Liveline’s on the telly. It must be a national emergency.
We are on the cusp of a blizzard, you see. A snow blizzard. And while some might label this predicament as ‘being Canadian’, here in Ireland it’s weather alert time of the highest order – RED – and at 4pm the majority of the country will hunker down in their homes and wait out the greatest show storm to hit Ireland – queue scary music. Well, since 1982 anyway.
For the uninitiated, Liveline is a daily, national radio show driven by the people for the people. Joe Duffy opens up the airwaves to the disillusioned, the disenfranchised – and sometimes the disoriented – to talk about the real issues effecting the people of Ireland. Don’t underestimate it! I often think if you want to know what’s irking the Irish don’t listen to the news – listen to Joe. (As I type there’s a woman giving out a recipe for porridge bread. Crucial, given we’re in the grip of what will become known as the Sliced Pan Crisis of ’18).
(Joe has just indicated that we are ’60 minutes from the country shutting down’. Ominous talk. I love it!)
Yup! It’s officially snowy
Half the enjoyment now is in the forecasting of the crisis – the anticipation, the doomsday outlook. I suppose in the past it just happened and you dealt with it. We grew up on a small country road surrounded by fantastic, elderly people. One story went that Jackie Shea, who enjoyed a drop of whiskey now and then, was caught in some bad snow en route home after a few jars in the village. Having not returned to his two brothers that night, there was a search party sent out the next morning. He was found in a sleepy heap, covered in snow, in what we called the Rock – a shortcut between Carrig and the Bog Road. What do we learn from this? Never underestimate the powers of Powers, the Sheas were built of hardy stuff and, well, hopefully such incidents can be forever now avoided with the implementation of red weather snow alert warnings.
There are few things that bind like a crisis – and a weather crisis, given our nation’s obsession with all things meteorological, has camaraderie levels at an all-time high. Kind texts and exchanges ping on phones between neighbours & friends and everyone’s pal, An Taoiseach, Leo, is on the telly and the lunchtime news telling everyone to ‘be careful’ like a kind, Mao-like uncle. All efforts, from the Council lads gritting the roads to the genuine bravery of the on-standby emergency services, would make you proud to be Irish as we literally and metaphorically get frozen in a cuddly sense of ‘in this together’.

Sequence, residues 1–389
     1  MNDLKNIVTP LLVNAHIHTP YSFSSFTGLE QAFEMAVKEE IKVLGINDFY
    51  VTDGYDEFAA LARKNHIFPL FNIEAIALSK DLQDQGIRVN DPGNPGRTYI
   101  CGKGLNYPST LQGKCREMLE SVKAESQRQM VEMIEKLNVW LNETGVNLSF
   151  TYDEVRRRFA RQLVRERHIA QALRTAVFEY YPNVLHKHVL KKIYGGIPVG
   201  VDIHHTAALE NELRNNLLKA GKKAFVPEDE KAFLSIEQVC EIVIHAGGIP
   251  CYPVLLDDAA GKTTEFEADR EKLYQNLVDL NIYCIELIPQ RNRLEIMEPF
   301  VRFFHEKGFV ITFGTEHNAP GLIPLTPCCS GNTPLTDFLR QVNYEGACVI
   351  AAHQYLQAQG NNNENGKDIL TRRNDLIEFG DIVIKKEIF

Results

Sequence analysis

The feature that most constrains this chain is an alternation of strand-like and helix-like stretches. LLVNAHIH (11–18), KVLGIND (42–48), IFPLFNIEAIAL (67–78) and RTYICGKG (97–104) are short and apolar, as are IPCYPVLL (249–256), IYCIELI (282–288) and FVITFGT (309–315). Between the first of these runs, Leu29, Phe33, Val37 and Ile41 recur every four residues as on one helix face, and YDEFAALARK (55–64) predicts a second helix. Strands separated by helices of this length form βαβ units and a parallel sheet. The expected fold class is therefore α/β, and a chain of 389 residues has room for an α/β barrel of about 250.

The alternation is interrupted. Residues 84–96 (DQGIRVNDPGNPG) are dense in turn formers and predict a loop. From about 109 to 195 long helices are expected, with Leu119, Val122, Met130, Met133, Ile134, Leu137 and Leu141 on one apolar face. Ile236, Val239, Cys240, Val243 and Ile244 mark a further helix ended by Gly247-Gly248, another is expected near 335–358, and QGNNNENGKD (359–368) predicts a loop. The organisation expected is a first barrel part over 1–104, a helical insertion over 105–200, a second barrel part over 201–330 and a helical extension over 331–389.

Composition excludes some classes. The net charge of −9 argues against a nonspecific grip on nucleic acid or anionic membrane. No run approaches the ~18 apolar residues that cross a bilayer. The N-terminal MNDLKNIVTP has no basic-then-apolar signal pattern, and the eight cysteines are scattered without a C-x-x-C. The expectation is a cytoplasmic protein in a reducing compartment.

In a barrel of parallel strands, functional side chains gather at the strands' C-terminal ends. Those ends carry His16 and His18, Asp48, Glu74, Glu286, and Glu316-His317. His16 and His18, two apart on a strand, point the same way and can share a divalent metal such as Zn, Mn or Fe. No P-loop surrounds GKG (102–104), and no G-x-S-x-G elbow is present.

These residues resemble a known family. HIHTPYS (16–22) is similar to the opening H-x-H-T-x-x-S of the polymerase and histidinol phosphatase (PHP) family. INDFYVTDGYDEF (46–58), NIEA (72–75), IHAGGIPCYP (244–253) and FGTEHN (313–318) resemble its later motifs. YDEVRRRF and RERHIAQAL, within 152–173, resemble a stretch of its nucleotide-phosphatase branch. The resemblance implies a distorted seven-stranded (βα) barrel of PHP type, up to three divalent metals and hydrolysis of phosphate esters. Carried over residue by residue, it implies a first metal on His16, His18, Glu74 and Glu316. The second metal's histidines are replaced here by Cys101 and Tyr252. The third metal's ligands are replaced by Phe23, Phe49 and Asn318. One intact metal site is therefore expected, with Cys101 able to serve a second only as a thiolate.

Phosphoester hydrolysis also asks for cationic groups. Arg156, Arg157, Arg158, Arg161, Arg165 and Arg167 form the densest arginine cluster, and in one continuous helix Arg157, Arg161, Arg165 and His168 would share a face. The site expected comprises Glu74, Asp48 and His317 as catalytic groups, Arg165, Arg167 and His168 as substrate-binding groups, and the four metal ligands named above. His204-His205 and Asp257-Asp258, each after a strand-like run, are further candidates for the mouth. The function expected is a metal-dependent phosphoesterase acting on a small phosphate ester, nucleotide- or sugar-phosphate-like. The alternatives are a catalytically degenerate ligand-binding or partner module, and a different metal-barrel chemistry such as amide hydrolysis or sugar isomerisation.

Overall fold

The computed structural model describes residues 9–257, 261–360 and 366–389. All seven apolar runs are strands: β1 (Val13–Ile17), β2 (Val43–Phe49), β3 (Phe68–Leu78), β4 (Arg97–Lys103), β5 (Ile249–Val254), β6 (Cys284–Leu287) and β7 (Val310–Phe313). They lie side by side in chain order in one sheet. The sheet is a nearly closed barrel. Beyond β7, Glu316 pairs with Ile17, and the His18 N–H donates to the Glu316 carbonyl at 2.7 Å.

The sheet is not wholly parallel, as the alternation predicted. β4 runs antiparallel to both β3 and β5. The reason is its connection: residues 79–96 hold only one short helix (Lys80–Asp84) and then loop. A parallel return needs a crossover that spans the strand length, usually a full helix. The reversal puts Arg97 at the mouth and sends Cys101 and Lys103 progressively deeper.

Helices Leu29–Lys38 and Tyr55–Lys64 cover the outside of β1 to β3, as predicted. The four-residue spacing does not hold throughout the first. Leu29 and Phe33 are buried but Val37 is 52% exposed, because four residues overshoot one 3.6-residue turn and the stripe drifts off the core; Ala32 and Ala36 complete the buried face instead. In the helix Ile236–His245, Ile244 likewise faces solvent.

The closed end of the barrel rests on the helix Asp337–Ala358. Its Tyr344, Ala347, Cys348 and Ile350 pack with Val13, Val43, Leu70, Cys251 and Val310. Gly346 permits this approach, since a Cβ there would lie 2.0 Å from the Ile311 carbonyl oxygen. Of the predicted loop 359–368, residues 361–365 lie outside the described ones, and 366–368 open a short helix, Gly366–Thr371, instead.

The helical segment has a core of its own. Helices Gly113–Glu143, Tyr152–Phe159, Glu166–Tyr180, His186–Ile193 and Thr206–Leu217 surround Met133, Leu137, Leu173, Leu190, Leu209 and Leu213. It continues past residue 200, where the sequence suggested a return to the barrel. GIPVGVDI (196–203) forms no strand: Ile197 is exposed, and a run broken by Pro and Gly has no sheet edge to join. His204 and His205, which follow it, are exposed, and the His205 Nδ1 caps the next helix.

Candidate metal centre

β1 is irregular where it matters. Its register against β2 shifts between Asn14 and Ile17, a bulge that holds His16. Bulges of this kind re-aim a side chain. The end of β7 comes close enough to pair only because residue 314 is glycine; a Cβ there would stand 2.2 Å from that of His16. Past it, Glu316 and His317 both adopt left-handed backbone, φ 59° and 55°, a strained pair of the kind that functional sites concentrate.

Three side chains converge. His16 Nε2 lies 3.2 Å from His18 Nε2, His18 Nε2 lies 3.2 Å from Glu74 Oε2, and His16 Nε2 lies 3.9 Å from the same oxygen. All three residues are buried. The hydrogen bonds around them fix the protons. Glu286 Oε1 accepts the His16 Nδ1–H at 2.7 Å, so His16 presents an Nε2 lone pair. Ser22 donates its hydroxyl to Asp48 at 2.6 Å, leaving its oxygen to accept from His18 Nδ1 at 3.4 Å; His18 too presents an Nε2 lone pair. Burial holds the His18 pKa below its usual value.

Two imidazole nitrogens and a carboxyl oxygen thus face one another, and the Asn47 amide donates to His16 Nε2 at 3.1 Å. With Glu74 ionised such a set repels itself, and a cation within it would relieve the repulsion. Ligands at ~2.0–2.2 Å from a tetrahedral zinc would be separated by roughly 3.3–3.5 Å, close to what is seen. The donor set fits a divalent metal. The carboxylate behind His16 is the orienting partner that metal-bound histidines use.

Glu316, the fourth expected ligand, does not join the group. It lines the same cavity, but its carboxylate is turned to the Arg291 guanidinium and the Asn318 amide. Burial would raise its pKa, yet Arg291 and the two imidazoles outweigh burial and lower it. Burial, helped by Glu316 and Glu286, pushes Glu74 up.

As long as you’re not ill or infirm or in a hurry, there’s something really lovely about snow – especially when you’re small. It’s pure fun and made for play. Well – maybe for the over fours… I took my two out this morning and I won’t lie, twenty minutes did them. They’re little – they don’t know how to play in it, it’s cold and the constant falling (and therefore crying (by them) and carrying (by weary me)) wore us all out a bit, but I challenge you to get twenty minutes of straight enjoyment from toddlers in any situation. You’d be doing well to get it in Disney Land before their fickle, tetchy minds turned on you demanding ‘uppies’ or ‘juice’ with tiny, accusatory, pointing fingers – their little brows furrowed in annoyance that you, yet again, failed to realise they have an attention span of seven minutes. Maximum. How and ever. As I was saying, for many children this will be their first real experience of snow and it will be a precious, precious day. Childhood memories are made of this.
Twenty minutes worth of magic memories
As with everything, it won’t be perfect. House-bound, with no water (yup – that’s us) and with biscuit supplies quickly diminishing, Mammy’s and Daddy’s patience will no doubt be unravelling. The emotional and physical effort required to dress kids for the snow, then be told that the toilet is required before everyone having enough of the outdoors after half an hour and returning to the house to create puddles of dirty water in the hall will be immense. But some kind of snowman will be constructed, a decent picture may well be taken and these moments will become a memory. A great memory of the time the country closed down because of all the snow and no-one went to work and we all stayed home from school. Hooray!
Stay safe. Stay warm. Let the kids have their fun. Oh – and eat the biscuits. The shops will be open for business again tomorrow.
Rocco officially had the most fun